Superattention and the Scholarly Editor

In documentary filmmaker Errol Morris’s blog entry of 10 April 2008 (which discusses Buñuel’s That Obscure Object of Desire), Vanderbilt psychology professor Dan Levin offers a critique of people who worry about (and catalog) continuity errors in movies. Levin offers a critique which might apply equally well to scholarly editors:

ERROL MORRIS: And here’s my question. Why are people so interested in continuity errors in movies? What’s that about?
DAN LEVIN: I don’t know, maybe it’s about being the expert. Being the person that sees something that other people don’t see. Being aware of the deep workings of the movies or something like that. That’s my guess.
ERROL MORRIS: The person who pays more attention than anyone else?
DAN LEVIN: Yeah, the super attentive person, there’s this kind of idea that “I’m super attentive, I have a super attention system. I see all this stuff.”
ERROL MORRIS: But your belief would be, of course, that since they super attend to all this stuff, they’re probably ignoring something else.
DAN LEVIN: Yeah, they’re not paying attention to the stuff they should be paying attention to, which is the story, the ideas of the filmmaker, all this cool stuff. And a lot of psychologists have argued if you’re really paying attention to all this detail stuff, you’re missing the good stuff. You’re missing what you need to be paying attention to[….]

I would reply that the “detail stuff” is what anchors us to fact and helps inform our understanding of the act of artistic making. The artists mostly know the details, and they mostly have reasons why some details matter and some don’t. Levin, to me, suggests that vanity (and perhaps the desire to excel at snarky cocktail conversation–those scholarly editor cocktail parties are a riot, what with our emendations and accidentals livening up the whole proceeding) drives those who focus on details. I will merely say that to determine what one “should” pay attention to derives from the interest of the examiner. To me, the textual alterations are the “cool stuff.”

Perhaps the mistake of another filmmaker in a New York Times interview will suffice to illustrate my point. When Robert Altman described himself as feeling like Stowe’s Eva on the ice being chased by dogs (Kornbluth, June 1997), Altman’s mistake (he meant Eliza) went unremarked by his interviewer. It seems likely that the editors of the New York Times did not notice either. They knew the important stuff, and a factual error that two generations earlier would have marked Altman and his interviewer as lunkheads was allowed to stand (though a reader’s letter noted the error). To cite Uncle Tom’s Cabin but falsely remember the white child as the one fleeing slave traders is to indicate something profound about cultural amnesia (even if one must recognize Stowe’s clear hierarchy of mulatto over pure African–in matters other than Christian forbearance). By cultural amnesia I refer to the reading of antebellum slavery through the lens of minstrelsy. Postwar minstrelsy’s deep workings included obscuring the horrors of antebellum slavery and thereby detracting attention from the South’s effort to re-impose practical slavery through disenfranchisment, erosion of civil rights, legal racial terrorism, and the organized extra-legal terrorism of lynching.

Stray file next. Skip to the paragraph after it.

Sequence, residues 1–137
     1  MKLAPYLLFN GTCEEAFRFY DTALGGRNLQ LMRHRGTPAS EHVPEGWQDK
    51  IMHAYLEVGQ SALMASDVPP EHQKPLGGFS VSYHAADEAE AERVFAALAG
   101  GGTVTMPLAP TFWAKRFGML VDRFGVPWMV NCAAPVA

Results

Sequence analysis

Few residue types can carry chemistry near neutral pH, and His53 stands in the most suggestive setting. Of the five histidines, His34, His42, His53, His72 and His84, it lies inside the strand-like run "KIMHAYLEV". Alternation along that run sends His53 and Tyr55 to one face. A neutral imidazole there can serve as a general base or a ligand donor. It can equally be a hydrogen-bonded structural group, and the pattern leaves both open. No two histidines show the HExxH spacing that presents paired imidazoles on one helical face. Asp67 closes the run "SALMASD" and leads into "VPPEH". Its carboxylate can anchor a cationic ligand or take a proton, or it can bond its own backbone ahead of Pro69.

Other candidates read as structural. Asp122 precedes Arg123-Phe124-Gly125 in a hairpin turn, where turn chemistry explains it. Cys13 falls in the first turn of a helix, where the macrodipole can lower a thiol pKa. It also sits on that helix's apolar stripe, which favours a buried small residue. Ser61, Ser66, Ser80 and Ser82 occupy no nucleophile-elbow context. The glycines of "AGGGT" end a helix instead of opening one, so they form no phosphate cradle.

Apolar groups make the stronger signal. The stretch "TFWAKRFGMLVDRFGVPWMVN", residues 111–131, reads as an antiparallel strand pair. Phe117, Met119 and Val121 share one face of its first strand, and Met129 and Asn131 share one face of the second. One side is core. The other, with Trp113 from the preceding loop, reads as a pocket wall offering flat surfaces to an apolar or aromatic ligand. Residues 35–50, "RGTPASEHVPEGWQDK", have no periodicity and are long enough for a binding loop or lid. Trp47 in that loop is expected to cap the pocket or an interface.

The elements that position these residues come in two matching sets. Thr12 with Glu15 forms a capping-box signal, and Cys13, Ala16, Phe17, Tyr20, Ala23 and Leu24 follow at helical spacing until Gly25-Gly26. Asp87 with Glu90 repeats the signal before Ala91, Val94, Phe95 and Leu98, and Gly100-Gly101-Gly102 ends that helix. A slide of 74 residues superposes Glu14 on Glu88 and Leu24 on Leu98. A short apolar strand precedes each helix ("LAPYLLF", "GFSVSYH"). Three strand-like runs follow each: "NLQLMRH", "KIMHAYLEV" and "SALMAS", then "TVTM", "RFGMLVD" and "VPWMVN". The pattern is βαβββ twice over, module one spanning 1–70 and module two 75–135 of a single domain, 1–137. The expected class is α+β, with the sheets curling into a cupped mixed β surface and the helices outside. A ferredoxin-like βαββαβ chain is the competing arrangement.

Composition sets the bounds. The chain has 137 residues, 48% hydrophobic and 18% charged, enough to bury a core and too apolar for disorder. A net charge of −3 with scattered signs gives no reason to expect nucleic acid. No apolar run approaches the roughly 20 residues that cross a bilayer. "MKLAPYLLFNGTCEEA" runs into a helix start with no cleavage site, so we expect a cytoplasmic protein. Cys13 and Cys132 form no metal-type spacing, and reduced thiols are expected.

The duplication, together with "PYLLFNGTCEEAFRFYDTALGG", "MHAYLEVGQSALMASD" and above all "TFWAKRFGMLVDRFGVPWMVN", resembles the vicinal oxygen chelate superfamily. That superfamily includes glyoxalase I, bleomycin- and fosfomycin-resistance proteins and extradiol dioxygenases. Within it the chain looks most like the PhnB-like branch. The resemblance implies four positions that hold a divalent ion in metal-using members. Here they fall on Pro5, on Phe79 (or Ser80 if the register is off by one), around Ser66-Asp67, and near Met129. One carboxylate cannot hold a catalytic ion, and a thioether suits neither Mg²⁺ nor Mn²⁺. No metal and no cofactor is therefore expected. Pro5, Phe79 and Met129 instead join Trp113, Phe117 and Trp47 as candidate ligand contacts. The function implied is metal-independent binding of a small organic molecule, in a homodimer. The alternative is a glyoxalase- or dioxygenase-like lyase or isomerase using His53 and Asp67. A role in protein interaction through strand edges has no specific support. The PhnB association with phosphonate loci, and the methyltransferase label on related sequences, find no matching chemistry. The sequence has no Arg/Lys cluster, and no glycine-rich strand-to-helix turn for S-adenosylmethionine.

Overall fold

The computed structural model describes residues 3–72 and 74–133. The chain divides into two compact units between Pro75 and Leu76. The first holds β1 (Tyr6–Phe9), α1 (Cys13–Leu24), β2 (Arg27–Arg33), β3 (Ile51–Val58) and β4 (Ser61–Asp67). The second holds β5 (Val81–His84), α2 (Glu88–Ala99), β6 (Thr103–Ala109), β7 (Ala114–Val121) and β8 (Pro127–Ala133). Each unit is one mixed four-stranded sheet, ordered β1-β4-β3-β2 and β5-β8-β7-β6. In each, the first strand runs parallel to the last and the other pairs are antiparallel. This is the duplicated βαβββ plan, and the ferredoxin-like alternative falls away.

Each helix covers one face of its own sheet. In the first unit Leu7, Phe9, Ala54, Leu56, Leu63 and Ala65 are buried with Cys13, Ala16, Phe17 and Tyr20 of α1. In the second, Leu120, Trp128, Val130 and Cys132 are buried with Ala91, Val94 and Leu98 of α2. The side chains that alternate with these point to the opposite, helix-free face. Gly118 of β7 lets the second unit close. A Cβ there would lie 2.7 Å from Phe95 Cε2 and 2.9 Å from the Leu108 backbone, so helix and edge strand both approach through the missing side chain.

Similarly, when John Updike in his review of Gates’s edition of Uncle Tom’s Cabin unknowingly exchanges Dinah and Prue, the editors of the New York Times magazine did not notice. Updike in “Down the River” explains Uncle Tom’s attempt to console Dinah, a “hapless servant.” Prue is not a servant to the St. Clares, and Dinah is far from hapless. My interest here again is that the editors/fact checkers for Updike’s review failed to notice the error. Had the book under review been Huckleberry Finn, would such an obvious error–i.e., confusing the Duke and the King, an error which I submit you would be unlikely to recognize without double-checking–have gone undetected?

If we push a little bit on Altman’s and Updike’s mistakes, I think we can at least detect signs that the minstrel remaking of Stowe’s work in the late nineteenth and early twentieth century continues to influence our contemporary reading. Maybe continuity mistakes in film and literary criticism are just what Levin say–the stuff that we need not pay attention to when paying attention to the good stuff–but mistakes, in addition to indicating that our cultural elite are not familiar enough with Stowe’s work to notice the error–may indicate a widespread cultural tendency to discount the continuing relevance of slavery’s legacy. Those who ignore the “deep workings” may also be missing something. But it may be the “important stuff” that they’re missing.

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2 Responses to Superattention and the Scholarly Editor

  1. Errol Morris says:

    I agree. The study of errors – continuity errors and otherwise – connect us to the world. The problem could be expressed somewhat differently. How do we distinguish between errors that lead us to the truth, and those that lead us into further error? I am writing about this… And I found your remarks extremely helpful. Thanks.

    Errol